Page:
Monthly Archives: February 2008

Where I won’t be next week

Next week is DEC2008 and I won’t be there. There are a lot of conferences I won’t be at, but what makes this one different is that I had originally been scheduled to speak there. Unfortunately my change in companies meant that I, regrettably, had to cancel my speaking engagement.

 

I spoke at the last two and it’s a really great conference. It’s one of the most technical conferences I have ever attended and I hope to be able to make it next year.

Advertisements

HaaS Been

Apparently hackers have thier own eBay sort of site with exploits offered via a SaaS model. According to Finjin:

Here’s how it works: The software uses an eBay-like trading interface to qualify the stolen accounts in terms of the country where the server is located and the Google page ranking of the compromised server. Cybercriminals use the information to set a price for the compromised FTP credentials so they can be resold to other cybercriminals or adjust an attack on more prominent sites. The software also allows cybercriminals to use the FTP credentials to automatically inject HTML IFrame tags into Web pages on the compromised server.

“Software as a service (SaaS) has been evolving for sometime, but until now it has been applied only to legitimate applications. With this new trading application, cybercriminals have an instant ‘solution’ to their ‘problem’ of gaining access to FTP credentials and thus infecting both the legitimate Web sites and its unsuspecting visitors. All of this can be easily achieved with just one push of a button,” said Yuval Ben-Itzhak, CTO of Finjan.

Technically speaking, shouldn’t this be an Exploit as a Service (EaaS). Or perhaps a Hack as a Service (HaaS)?

Still scary stuff.

Electric Fence Learning

Will Rogers once said:

There are three kinds of men: 
            The ones that learn by reading. 
            The few who learn by observation. 
            The rest of them have to touch an electric fence.

Sometimes Microsoft is one of those “Electric Fence Learning” kind of company. Let’s hope they don’t choose that course of action in this case and instead will leave this contained in a lab where it belongs.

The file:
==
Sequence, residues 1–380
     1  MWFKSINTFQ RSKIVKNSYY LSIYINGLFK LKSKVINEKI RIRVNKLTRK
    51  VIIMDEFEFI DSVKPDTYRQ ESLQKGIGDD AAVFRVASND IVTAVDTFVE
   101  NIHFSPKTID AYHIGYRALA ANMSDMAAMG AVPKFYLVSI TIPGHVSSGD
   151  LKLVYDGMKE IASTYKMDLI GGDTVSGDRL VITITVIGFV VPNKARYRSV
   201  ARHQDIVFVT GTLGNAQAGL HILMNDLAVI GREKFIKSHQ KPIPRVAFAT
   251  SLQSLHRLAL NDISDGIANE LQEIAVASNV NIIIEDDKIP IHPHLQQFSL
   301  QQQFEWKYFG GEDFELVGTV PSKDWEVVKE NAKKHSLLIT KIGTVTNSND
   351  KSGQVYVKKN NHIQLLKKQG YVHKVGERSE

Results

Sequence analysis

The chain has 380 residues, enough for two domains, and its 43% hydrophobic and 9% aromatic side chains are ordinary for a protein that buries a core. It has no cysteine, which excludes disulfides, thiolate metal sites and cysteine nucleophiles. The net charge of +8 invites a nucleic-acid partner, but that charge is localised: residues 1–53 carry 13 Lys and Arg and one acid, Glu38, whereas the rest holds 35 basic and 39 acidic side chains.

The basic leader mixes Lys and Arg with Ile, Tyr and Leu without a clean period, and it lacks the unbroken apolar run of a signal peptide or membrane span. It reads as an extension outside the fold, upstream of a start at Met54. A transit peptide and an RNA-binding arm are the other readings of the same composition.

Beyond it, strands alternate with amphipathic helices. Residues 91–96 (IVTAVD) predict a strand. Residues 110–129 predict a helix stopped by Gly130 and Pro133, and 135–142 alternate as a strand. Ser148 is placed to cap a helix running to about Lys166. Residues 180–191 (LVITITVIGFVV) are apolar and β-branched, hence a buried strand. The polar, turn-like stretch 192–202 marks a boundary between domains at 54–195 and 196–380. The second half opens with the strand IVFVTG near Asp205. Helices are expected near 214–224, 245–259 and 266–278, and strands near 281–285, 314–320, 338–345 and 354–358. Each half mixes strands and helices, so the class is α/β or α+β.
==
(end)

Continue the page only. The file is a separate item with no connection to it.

Using a worm to spread software patches? The ways that could go wrong are just mind boggling.

Why everything you know about the Metric System is wrong and what it means for Identity Systems

Recently as part of my work with Cub Scouts I had to prepare a lesson on the Metric System. That started me thinking about the myths and misconceptions of the Metric System, why it isn’t used in the United States, and what that all means for Identity Systems.

First let me say I am a big fan of the metric system (I have a MS in Aerospace Engineering). And living in the United States, I almost never use it. And those not contradictory statements. The reason that I never use it is that for my day to day life outside of work it simply offers no advantages to me. When studying engineering in college I used the Metric System almost exclusively. However after going into the software industry I haven’t used it professionally since.

Here are some myths and misconceptions:

Myth #1 – The Metric System is a base10 system which is far superior to base 12 systems. The metric system has been adopted world-wide (except for those crazy stuborn Americans) because of the inherent superiority of base10 mathematics in every day use.

BTW, what time is it where you are? What coordinates does your GPS show? How steep is that incline? Have you ever tried to saw a 1 meter board into 6 even pieces?

The point is while base10 is much better for doing calculations with a calculator, base12 is better for some calculations you need to do in your head. That is because 10 is divisible by only 5 and 2, where as 12 is divisible by 2,3,4, and 6.